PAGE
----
Tuesday, December 18, 2007

Intel agencies hiding in dark closets...or trying to....

From Secrecy News:


Several defense intelligence agencies will withhold unclassified
information about their contracts from a new public database of
government spending.

The new database at USAspending.gov is intended to provide increased
transparency regarding most government contracts (Secrecy News,

But when it comes to intelligence spending, there will actually be a
net loss of public information because categories of intelligence
contracting data that were previously disclosed will now be withheld.

The Defense Intelligence Agency (DIA), the National
Geospatial-Intelligence Agency (NGA), and the Counterintelligence Field
Activity (CIFA) argued that online disclosure of their unclassified
contracts could present an operational security vulnerability.

"I appreciate your concerns that reporting these actions to the
publicly accessible website could provide unacceptable risk of insight
to your individual missions and budgets," wrote Shay D. Assad of the
Under Secretary of Defense in a December 7 memorandum.

"As such, I concur with your waiver requests to not report your
unclassified actions to FPDS-NG [Federal Procurement Data System - Next
Generation] at this time," he wrote.


The new waiver, which was first reported by Daniel G. Dupont in
InsideDefense.com, applies to unclassified contract data for FY 2007
and 2008, and must be renewed each year thereafter.

But it does not apply retroactively, so it is possible to examine
detailed contracting information for thousands of intelligence
contracts with DIA and NGA from FY2005-2006, ranging in amounts from
tens of dollars to hundreds of millions of dollars. (Prior contract
information for CIFA is not currently available.)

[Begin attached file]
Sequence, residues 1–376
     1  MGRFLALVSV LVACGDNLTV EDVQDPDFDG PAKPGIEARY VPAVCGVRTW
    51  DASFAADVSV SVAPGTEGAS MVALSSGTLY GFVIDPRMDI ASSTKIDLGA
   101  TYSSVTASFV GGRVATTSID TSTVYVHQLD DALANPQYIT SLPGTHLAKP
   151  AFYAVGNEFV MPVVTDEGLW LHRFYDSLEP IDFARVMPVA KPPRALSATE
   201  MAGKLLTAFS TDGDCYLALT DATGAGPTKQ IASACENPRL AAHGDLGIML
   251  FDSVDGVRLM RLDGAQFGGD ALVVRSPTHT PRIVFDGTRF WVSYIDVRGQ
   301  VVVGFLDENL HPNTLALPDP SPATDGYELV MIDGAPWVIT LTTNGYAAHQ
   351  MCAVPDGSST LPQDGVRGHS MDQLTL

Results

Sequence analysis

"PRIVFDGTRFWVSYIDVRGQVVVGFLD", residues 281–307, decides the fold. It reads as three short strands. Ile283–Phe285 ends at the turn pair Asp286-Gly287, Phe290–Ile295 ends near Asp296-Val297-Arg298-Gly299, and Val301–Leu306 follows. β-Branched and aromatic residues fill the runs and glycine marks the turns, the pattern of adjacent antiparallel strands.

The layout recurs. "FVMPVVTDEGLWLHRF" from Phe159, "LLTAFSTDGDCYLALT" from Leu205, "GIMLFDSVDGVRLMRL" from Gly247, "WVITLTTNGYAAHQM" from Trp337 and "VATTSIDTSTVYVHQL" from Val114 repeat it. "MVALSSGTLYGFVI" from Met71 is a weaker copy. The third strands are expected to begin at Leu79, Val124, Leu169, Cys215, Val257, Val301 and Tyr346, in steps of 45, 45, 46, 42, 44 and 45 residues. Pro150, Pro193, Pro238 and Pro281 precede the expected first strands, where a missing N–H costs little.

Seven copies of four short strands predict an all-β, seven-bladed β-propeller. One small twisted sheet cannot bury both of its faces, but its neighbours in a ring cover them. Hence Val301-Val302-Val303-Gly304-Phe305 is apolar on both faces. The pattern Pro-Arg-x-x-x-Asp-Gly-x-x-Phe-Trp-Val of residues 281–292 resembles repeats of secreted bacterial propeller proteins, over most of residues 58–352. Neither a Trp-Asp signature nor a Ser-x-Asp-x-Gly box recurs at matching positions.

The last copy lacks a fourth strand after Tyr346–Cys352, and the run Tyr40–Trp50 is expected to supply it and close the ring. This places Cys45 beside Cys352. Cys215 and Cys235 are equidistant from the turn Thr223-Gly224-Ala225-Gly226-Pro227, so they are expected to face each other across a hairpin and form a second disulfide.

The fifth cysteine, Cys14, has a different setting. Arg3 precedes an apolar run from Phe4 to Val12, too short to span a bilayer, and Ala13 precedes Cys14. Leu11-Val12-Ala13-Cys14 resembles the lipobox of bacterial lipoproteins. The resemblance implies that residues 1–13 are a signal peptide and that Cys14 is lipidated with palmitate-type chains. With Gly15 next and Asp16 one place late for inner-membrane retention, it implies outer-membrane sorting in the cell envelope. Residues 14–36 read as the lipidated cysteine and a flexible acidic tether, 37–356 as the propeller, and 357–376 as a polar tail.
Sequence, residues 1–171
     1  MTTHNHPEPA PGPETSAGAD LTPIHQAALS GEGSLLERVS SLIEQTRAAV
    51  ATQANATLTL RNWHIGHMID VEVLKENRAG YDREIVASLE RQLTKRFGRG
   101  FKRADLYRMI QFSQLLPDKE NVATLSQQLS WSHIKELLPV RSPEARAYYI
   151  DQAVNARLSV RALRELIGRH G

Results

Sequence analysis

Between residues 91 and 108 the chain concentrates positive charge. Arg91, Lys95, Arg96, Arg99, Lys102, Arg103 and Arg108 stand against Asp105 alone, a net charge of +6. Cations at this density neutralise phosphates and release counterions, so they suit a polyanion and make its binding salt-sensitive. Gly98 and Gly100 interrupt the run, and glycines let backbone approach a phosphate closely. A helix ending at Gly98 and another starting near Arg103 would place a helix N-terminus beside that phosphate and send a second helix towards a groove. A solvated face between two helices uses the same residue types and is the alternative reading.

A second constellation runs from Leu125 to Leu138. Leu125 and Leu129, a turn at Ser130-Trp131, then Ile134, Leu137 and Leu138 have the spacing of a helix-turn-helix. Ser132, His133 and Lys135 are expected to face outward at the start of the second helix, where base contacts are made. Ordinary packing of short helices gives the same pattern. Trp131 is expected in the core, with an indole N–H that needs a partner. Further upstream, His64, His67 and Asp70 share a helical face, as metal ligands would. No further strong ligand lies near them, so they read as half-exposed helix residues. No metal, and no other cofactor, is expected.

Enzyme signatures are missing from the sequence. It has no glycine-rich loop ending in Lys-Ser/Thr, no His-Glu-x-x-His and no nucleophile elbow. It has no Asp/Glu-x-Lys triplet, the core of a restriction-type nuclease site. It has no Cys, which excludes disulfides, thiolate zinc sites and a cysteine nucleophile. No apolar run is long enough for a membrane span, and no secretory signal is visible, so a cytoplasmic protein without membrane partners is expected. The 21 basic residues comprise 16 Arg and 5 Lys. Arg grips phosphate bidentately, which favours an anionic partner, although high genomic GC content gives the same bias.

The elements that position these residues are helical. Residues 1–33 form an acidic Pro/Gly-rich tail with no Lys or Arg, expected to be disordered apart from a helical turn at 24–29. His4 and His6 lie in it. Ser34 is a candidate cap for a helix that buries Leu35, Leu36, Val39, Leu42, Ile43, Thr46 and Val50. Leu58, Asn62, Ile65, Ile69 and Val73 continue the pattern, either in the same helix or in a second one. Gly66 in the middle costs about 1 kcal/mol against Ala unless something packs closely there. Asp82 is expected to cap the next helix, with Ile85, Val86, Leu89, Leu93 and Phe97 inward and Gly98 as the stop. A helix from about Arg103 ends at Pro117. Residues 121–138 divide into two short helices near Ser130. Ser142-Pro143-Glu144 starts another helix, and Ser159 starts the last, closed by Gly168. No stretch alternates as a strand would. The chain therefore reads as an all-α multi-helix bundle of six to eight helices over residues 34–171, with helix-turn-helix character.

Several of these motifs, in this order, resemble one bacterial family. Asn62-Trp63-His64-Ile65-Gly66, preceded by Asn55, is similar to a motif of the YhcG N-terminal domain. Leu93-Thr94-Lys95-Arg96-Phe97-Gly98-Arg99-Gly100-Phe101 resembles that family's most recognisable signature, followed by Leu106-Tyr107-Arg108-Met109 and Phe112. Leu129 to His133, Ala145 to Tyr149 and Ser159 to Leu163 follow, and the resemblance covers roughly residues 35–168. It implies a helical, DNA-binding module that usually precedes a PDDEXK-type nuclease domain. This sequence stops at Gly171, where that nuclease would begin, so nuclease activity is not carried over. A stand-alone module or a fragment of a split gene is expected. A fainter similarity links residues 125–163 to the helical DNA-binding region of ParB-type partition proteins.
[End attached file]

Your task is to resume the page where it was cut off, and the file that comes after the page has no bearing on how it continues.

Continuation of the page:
Those intelligence agencies' past contracts can be examined using the
drop-down menu for contracting agency on this page:


The sharp growth in intelligence agency contracting has prompted new
concern in Congress and elsewhere. The latest intelligence
authorization act (section 307) requires a "comprehensive report on
intelligence community contractors."

But while intelligence contracting is going up, public accountability
is going down.


The U.S. intelligence community is reverting to old patterns of cold
war secrecy, warned the former Chairman of the National Intelligence
Council (NIC), to the detriment of U.S. intelligence.

"The reality that I see is an Intelligence Community that is retreating
into greater secrecy and old cultural habits, even in the short time
since I left the NIC in early 2005," said Amb. Robert L. Hutchings in
recent testimony.

"Try to get a CIA analyst to go on the record at an academic
conference, or participate in an interactive website or blog with
experts from outside government or other countries, and you will see
how deeply ingrained are the old Cold War cultural habits and
mind-sets," he said.

"What this means, additionally, is that the Intelligence Community is
not attracting the 'best and brightest' into their ranks. They go

See his prepared testimony from a December 6 hearing of the House
Intelligence Committee here:


One of the aspects of the trend towards increasing secrecy is what
appears to be a newly restrictive approach to pre-publication review of
writings by current or former intelligence employees.

Earlier this year, the Central Intelligence Agency refused to permit
former intelligence officer and author Valerie Plame Wilson to publish
certain information about her career that had already been disclosed in
the Congressional Record.

The publishers of Ms. Wilson's memoir devised a novel and effective
solution: They hired journalist Laura Rozen to write an afterword,
based entirely on information gathered in the public domain, filling in
many of the missing details of Ms. Wilson's account. Laura Rozen, who
writes for Mother Jones and for the War and Piece blog, tells the story


[Use links above to continue reading]


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